Notes From the Field: Wisdom to Rising Freshmen

I had a rare and priceless moment this summer when I took my daughters and their friends, affectionately known as the Big Girls and the Little Girls, to our favorite mountain spot. We braved the cold river and splashed around in age appropriate ways, middle school, college and motherly. Wink. I loved watching them challenge and tease each other all the way from prissy hair tips to braving the rapids.

Then we hit a Mexican restaurant on the way home. In the awkward waiting for our food, munching on chips time it occurred to me that the Big Girls survived high school together and just completed their freshman year at different colleges.

The Little Girls both completed 8th grade at different middle schools and were now nervously looking toward the wild world of two different high schools. I had overheard enough of the “what ifs” and “what abouts” to know they were scared. Excited, but scared.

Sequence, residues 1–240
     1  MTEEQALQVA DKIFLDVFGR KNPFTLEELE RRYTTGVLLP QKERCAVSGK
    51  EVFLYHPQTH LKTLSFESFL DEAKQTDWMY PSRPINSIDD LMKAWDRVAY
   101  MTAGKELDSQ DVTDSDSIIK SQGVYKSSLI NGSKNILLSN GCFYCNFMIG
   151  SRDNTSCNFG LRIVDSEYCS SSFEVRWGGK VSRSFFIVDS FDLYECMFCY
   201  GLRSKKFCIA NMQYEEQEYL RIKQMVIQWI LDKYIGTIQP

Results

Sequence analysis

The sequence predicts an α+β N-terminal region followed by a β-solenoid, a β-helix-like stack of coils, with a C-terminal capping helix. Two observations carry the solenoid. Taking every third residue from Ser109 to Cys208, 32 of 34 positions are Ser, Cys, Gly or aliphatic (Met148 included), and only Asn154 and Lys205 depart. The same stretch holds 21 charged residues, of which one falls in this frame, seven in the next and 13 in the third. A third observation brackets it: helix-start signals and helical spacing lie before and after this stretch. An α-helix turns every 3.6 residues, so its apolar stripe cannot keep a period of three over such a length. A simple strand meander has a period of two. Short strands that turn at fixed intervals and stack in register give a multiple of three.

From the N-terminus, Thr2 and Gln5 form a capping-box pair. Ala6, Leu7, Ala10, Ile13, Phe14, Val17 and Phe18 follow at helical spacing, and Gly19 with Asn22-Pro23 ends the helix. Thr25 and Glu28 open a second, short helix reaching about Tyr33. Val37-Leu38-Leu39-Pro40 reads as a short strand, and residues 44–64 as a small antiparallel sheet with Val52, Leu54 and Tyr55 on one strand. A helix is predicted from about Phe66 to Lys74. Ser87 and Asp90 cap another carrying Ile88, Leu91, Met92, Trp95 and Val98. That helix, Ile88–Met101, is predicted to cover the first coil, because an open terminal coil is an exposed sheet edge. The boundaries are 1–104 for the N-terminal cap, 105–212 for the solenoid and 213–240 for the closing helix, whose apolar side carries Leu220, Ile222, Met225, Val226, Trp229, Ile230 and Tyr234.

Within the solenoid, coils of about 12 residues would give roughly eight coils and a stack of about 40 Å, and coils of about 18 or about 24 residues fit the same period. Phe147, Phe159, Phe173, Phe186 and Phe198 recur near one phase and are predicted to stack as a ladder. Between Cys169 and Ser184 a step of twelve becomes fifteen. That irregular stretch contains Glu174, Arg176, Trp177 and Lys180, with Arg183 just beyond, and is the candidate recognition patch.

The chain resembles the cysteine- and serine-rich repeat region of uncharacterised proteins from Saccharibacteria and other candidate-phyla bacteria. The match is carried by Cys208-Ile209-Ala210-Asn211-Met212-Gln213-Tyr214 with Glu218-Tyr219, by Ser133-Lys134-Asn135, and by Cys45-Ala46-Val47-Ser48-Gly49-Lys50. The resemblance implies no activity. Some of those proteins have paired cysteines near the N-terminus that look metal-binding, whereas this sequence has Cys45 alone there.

With a prod of divine brilliance from the Lord, I asked the BGs what they had learned that they could pass on. These little women had grown and changed so much through high school and even more through their first year of college. So  what advice would they would give to the LGs as they were entering high school.

I was blown away by this gift of perspective. Hope you enjoy it and will share it with your upcoming highschoolers too.

• Don’t dismiss people by their appearance. Clothes are misleading.

• Take action and actually say hello to people.

• Do sports and clubs, even if you don’t want to.

• After high school you can handpick your friends. But in high school you learn what kind of friend you want to be and what kind you want to have.

• Never be in the car with someone under any influence (drugs or alcohol, even anger.)

• Drive if you can and don’t take people with you so you have the freedom to leave a bad situation or party.

• Grades are not your identity. They matter but they are not everything.

• Don’t worry about your looks or what others think.

• Every “A”  you get is money in your pocket.

• Build relationships with your teachers. They matter.

• Take hard classes.

• Go to tutoring.

• Be nice to yourself. Every year brought a drastic change as a person.

Thanks for the insight and courage Salem Spicka and Andy Gil.




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